tions. It has also been tested on populations outside the realmof for-profit enterprises, includinginterest groups (Gray
and Lowery 1995, 1999), social movements (Langton 1987; Bevan 2013), labour unions (Hannan and Freeman 1987,
1988), high schools(Divarci et al. 2017) and political parties(Lowery et al. 2011, 2013). Densitydependence theory has
rarely been appliedto understand the survival of public organizations (cf. Peters and Hogwood1991).
1
The aim of this articleis modest: we seek to establish whetherthis theory is relevant for understanding the survival
chances of public organizations. We first explain in more detail what this theory entails. Next, we test the explanatory
power of this approach in a population of 142 US federal independent agencies during 19332011. After presenting
our findings,we contemplate what these findingsmean for the research on the survivalof public organizations.
2|AN ECOLOGICAL EXPLANATION OF ORGANIZATIONAL SURVIVAL
2.1 |Ecological logic
The population ecology school has been a prominent perspective in organization theory for decades (Perrow 1986;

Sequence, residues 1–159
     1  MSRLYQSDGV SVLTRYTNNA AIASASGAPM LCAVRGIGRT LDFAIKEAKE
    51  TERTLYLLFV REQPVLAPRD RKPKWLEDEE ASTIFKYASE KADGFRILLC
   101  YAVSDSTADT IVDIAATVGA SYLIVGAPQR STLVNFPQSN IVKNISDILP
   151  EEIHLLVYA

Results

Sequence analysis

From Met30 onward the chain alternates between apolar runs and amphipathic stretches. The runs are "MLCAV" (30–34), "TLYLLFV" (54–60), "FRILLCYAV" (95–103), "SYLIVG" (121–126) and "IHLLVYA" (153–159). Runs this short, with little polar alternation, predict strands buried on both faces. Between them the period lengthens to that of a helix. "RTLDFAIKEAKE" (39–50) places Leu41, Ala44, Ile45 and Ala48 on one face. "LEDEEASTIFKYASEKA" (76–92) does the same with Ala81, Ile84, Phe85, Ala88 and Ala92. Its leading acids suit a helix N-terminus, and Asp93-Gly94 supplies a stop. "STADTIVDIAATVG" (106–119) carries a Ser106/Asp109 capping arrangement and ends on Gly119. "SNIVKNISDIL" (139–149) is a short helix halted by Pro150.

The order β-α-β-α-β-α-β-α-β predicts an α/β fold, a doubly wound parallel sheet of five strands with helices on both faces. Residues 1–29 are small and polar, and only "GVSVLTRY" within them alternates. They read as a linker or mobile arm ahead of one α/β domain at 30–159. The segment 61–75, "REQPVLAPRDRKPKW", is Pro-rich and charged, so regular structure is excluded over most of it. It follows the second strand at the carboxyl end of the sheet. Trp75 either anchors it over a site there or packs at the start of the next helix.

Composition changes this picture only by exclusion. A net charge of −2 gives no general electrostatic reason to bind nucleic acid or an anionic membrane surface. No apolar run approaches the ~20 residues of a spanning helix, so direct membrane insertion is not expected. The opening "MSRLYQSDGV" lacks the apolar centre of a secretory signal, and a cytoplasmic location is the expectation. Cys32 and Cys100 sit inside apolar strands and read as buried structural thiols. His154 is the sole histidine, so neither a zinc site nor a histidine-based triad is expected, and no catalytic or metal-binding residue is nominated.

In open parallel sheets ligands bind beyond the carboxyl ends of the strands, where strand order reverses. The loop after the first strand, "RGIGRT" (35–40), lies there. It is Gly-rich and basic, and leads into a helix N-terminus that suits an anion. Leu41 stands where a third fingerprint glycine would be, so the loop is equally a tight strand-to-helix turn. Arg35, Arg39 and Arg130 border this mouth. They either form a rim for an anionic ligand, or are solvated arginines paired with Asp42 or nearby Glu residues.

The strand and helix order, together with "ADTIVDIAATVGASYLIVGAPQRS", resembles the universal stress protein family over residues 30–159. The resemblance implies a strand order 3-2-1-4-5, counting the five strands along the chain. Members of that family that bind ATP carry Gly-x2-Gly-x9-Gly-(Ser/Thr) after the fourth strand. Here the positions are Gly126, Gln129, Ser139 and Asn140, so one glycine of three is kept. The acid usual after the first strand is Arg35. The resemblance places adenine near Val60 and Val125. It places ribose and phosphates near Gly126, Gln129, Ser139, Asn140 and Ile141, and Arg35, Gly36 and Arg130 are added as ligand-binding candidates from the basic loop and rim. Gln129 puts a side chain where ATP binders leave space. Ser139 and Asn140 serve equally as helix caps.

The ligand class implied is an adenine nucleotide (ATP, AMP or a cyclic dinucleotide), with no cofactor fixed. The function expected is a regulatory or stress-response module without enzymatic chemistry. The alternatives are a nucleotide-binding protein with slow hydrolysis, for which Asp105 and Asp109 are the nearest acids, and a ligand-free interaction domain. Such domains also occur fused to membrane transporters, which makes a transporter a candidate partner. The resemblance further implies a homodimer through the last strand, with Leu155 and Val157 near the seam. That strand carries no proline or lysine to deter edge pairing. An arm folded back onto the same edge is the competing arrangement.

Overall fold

Aldrich 1999). Many longitudinal data have been collected as a result. There is a broad spectrum of different ecologi-
cal perspectives, but they all focus on the question of organizational survival (Hannan and Freeman 1977, p. 929). In
all these perspectives, competition for vital resources is thought to affect birth rates and survival chances in popula-
tions of similar types of organizations. The effects of competition, in turn, depend on the density of the population
1
Lewis (2004, p. 399; 2002, p. 99) does control for a specific count of density. His models do not include time-varying effects of con-
temporaneous density, however, but only that of density at founding. For a more complete approach, see the research on state-
owned corporations by Zhou and van Witteloostuijn (2010).
634 VAN WITTELOOSTUIJN ET AL.